On the 20th anniversary of the U.S. invasion of Iraq, these photos tell the story of the war
Sunday marks 20 years since American and coalition forces invaded Iraq on a mission to topple Saddam Hussein’s dictatorship and find weapons of mass destruction.
Former President George W. Bush and his administration wagered to the American public and the international community that Hussein was hiding weapons of mass destruction. The coalition found no such weapons, and two years later the WMD Commission, established by Bush, acknowledged in a report that the "WMD" fiasco was “one of the most public – and most damaging – intelligence failures in recent American history.”
Forces did succeed in knocking Hussein out of power, clearing the way for a fraught nation-building project that would stretch for nearly a decade.
By the U.S.’s withdrawal in 2011, the costs of the war stood high:
At least 4,480 U.S. deaths and more than 32,000 wounded
At least 100,000 Iraqi civilians dead
At least $806 billion spent on the war
Thousands of troops with illnesses believed to be caused by exposure to burn pits
In 2003, an American public still stunned by the Sept. 11, 2001 terrorist attacks largely supported the war. But public sentiment today has shifted. A Pew Research Center survey in 2019 found 62% of Americans thought the war “wasn’t worth it.” In the same poll, 64% of veterans shared the same view.
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Bush and supporters of the war would go on to admit the failure to find weapons of mass destruction, but maintain the world would've been "a lot worse off" had Hussein remained in power.
The Iraq War in photos
In his 2002 State of the Union address, Bush suggested Iraq was hiding weapons of mass destruction.
"This is a regime that has something to hide from the civilized world," Bush said. "States like these and their terrorist allies constitute an axis of evil … The United States of America will not permit the world's most dangerous regimes to threaten us with the world's most destructive weapons."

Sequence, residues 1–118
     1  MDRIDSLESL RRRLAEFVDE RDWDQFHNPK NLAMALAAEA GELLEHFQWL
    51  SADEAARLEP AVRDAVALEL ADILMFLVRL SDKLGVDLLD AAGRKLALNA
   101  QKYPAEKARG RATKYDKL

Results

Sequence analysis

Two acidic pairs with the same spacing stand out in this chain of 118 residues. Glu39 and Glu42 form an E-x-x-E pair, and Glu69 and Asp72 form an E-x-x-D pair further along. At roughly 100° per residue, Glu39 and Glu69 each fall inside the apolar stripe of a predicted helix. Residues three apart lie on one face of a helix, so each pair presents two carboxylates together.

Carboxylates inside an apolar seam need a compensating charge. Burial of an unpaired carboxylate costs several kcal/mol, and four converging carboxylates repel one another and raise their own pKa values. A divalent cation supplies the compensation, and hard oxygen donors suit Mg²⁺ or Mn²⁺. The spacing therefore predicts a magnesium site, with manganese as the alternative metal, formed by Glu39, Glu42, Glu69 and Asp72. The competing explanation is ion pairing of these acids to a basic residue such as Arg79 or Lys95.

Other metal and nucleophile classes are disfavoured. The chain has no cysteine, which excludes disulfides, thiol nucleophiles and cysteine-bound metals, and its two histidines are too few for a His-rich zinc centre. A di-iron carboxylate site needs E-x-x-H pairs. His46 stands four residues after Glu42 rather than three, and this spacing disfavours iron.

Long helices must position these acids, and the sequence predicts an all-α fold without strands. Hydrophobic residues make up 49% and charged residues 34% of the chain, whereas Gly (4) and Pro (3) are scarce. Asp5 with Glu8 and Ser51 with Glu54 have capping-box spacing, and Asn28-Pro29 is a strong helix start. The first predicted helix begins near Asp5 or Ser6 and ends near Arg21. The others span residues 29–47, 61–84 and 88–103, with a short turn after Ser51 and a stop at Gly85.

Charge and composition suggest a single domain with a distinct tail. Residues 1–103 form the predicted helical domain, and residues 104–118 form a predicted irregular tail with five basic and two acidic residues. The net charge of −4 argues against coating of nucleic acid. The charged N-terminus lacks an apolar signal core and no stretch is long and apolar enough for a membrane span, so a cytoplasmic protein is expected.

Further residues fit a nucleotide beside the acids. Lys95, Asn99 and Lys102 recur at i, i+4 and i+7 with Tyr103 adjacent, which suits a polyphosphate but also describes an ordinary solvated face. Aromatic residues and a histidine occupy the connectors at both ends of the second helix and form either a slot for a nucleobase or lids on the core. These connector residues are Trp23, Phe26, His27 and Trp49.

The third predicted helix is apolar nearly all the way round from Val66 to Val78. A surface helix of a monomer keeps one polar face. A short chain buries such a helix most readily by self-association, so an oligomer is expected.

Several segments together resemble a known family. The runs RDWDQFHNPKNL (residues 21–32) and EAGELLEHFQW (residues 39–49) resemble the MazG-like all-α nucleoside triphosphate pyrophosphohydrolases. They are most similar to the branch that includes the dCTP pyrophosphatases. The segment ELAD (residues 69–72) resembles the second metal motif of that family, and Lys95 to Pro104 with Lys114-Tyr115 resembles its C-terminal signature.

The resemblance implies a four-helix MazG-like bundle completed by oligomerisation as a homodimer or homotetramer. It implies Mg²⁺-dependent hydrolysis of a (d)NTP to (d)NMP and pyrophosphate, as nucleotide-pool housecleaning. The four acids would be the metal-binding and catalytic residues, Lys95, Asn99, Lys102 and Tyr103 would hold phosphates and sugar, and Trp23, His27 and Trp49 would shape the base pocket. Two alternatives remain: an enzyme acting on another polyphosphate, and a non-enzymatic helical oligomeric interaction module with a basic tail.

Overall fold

Just more than a month before the invasion, Secretary of State Colin Powell gave an impassioned speech and presentation before the United Nations Security Council, arguing that Iraq was hiding weapons of mass destruction.
The speech helped swing the U.S. public in favor of the war. Powell, who died in 2021, would go on to regret the speech.
“I will always regret it," Powell said in an interview with The Harvard Gazette five years later. "It was a terrible mistake on all our parts and on the intelligence community … I wish it had been different. "
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As the war grew imminent, thousands of protesters in the United States and around the globe demonstrated.
After the deadline he issued for Hussein to leave Iraq passed, Bush announced the beginning of the invasion on the evening of March 19, 2003.
U.S. airstrikes pummeled Iraq to clear the way for invading troops.
After three weeks of combat, American troops took Baghdad, Iraq's capital, and toppled the statue of Hussein, symbolically ending his reign.
In May 2003, Bush declared "mission accomplished," but the war would drag on for years as sectarian violence and insurgency engulfed the country.
Hussein was captured by American forces in December 2003. He would be tried and found guilty of crimes against humanity. He was executed in 2006.
The U.S. saw protests throughout the war.
President Barack Obama, elected in 2008, promised to withdraw troops from Iraq.
The U.S. completed its withdrawal from the country in December 2011, leaving security in the hands of the Iraqi government.
Major conflict and violence would continue to rack the country. A fledging terrorist group, ISIS, would famously emerge and conquer parts of Iraq and neighboring Syria in the mid-2010s.
Today, a small network of 2,500 American troops are stationed in the nation as part of the United States' ongoing partnership with Iraq.
Contributing: Tom Vanden Brook and Dan Nowicki, USA TODAY Network; The Associated Press
This article originally appeared on USA TODAY: Iraq invasion 20th anniversary: A timeline and photos of a costly war